Chris Welsby with cameras for Wind Vane, 1972

The film is described on Chris Welsby's excellent website. 'The location for this film is the western end of Hampstead Heath in London. Two cameras mounted on tripods with wind vane attachments were positioned about 50 feet apart along an axis of 45 degrees to the direction of the wind. Both cameras were free to pan through 360 degrees in the horizontal plane. There are three continuous 100 foot takes for each screen. The movements of the two cameras, which were filming simultaneously, were controlled by the wind strength and direction. The sound was recorded synchronously with the picture track and consists mainly of wind noise. Each screen has its own soundtrack when projected.'

For me the most interesting thing about this film is the way the two cameras register the passing wind - both move in response to it but one follows slightly later than the other, giving a sense of the wind's movement across the Heath.  In an article called 'Blowin' in the Wind', Fred Camper describes another film in which the wind is integral to the filming process: Tree (1974): 'Welsby tied his camera to a tree branch during a strong wind; he'd planned an 11-minute film, but the camera malfunctioned and the usable portion was 4 minutes. The wobbles of the frame as the branch moves dominate the movements of grass and branches within the frame: the viewer becomes profoundly aware of how much the act of framing conveys dominance and control though here the agent is the wind.'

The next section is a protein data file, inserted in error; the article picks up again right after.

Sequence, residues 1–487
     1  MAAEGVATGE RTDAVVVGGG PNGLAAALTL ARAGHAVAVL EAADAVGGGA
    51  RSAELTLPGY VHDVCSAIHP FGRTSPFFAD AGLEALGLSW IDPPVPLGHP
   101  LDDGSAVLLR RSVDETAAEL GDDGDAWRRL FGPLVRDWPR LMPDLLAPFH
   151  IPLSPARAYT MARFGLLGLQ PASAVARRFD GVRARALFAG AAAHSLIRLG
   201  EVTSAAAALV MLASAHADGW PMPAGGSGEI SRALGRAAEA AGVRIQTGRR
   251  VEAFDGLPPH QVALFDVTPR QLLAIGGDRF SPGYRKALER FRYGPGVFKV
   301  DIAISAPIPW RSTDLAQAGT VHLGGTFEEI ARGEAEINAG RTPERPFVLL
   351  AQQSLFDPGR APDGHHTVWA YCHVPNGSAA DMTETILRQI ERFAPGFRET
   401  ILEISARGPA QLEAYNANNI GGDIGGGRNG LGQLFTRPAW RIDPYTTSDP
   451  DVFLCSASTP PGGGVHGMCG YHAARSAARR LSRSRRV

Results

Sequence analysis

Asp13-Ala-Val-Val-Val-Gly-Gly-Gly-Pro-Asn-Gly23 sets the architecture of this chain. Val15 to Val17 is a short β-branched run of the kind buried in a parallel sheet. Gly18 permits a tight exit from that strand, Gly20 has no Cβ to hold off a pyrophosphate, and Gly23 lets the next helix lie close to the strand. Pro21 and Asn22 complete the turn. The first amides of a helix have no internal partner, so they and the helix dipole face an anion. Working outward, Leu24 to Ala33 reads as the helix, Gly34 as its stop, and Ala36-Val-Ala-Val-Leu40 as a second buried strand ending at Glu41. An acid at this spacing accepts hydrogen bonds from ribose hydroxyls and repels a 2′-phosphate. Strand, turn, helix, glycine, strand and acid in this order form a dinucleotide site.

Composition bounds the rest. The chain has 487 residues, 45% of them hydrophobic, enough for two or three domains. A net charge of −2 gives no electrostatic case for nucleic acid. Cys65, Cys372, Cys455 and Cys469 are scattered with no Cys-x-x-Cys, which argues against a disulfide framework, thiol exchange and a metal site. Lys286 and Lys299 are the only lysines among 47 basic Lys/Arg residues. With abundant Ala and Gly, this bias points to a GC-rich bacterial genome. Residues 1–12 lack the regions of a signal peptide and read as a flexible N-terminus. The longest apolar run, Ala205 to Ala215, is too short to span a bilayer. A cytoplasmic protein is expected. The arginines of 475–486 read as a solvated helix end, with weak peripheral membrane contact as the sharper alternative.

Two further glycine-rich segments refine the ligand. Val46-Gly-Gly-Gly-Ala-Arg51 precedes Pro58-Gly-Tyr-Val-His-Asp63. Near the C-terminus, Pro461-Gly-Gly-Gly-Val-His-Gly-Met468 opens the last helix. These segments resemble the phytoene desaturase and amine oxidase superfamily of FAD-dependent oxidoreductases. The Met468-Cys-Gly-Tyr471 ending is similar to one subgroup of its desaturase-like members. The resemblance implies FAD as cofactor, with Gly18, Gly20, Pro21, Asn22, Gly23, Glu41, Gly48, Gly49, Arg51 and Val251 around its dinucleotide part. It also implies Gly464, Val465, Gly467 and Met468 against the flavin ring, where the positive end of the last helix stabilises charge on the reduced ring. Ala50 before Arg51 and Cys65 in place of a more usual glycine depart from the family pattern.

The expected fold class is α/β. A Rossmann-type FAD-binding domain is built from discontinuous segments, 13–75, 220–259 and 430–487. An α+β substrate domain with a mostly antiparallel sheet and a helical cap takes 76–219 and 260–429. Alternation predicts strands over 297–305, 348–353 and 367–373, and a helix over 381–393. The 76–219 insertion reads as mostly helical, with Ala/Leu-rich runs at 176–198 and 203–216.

The BFI have released a DVD of Chris Welsby's films in the same series as the William Raban collection I described last month.  It includes his collaboration with Raban, River Yar (1972), Drift 'a study of winter light falling on the surface of water, metal and cloud', and (for me the most effective film) Sky Light - 'an idyllic river flows through a forest, flashes of light and colour threaten to erase the image, bursts of short wave radio and static invade the tranquillity of the natural sound.' The films should be viewed on bigger screens than our little TV, but I think the DVD is well worth watching to get a sense of Welsby's progress from early films like Wind Vane to recent installations like Lost Lake.  (I can't speak for the DVD's 20 page booklet which sounds good but was missing in the copy I borrowed from our local video shop.)

To conclude, here is how Chris Welsby views his work as a landscape artist, quoted from the introduction to his website: 'unlike the landscape painters and photographers of the nineteenth century, I have avoided the objective view point implicit in panoramic vistas or depictions of homogeneous pictorial space. I have instead concentrated on 'close up' detail and the more transient aspects of the landscape, using the flickering, luminous characteristics of the film and video mediums, and their respective technologies, to suggest both the beauty and fragility of the natural world. The process of re-presenting the landscape in either the single screen works or the installations is not seen to be separate from nature or in any way objective, but is viewed instead, as part of a more symbiotic model in which technology and nature are both viewed as inter-related parts of a larger gestalt.'